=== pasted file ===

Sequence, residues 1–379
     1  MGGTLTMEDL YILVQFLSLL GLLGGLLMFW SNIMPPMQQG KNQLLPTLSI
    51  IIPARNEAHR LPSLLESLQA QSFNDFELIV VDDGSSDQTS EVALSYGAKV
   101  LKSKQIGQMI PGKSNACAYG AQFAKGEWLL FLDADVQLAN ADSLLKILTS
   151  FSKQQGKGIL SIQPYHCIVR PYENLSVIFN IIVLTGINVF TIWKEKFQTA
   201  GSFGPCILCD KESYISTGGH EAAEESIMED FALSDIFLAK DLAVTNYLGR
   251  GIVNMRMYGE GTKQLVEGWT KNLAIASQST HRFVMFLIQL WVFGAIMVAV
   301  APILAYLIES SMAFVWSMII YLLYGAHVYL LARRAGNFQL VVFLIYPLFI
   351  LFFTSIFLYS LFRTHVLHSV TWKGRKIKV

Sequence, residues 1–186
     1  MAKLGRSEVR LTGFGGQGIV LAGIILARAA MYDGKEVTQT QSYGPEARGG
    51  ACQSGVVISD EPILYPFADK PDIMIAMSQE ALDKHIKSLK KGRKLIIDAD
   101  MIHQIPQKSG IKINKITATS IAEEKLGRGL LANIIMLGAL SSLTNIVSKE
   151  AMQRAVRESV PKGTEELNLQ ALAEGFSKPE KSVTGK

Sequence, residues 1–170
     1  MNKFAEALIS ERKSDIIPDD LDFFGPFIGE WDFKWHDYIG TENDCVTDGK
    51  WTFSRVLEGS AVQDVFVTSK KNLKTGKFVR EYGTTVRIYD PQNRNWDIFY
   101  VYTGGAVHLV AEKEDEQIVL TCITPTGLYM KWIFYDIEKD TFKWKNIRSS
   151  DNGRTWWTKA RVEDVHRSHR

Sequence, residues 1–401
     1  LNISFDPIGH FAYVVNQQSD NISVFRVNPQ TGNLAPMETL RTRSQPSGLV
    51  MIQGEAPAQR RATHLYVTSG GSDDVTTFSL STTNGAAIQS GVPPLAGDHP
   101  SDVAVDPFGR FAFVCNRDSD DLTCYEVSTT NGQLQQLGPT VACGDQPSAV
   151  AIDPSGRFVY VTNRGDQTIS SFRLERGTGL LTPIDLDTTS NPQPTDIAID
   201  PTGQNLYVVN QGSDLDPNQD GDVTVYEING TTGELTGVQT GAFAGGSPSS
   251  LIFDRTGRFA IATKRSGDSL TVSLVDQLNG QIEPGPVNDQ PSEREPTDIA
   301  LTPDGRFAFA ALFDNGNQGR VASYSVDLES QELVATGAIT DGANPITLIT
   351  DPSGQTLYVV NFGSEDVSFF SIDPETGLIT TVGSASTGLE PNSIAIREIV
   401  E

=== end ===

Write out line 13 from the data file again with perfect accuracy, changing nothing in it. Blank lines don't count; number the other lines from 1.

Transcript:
   101  MIHQIPQKSG IKINKITATS IAEEKLGRGL LANIIMLGAL SSLTNIVSKE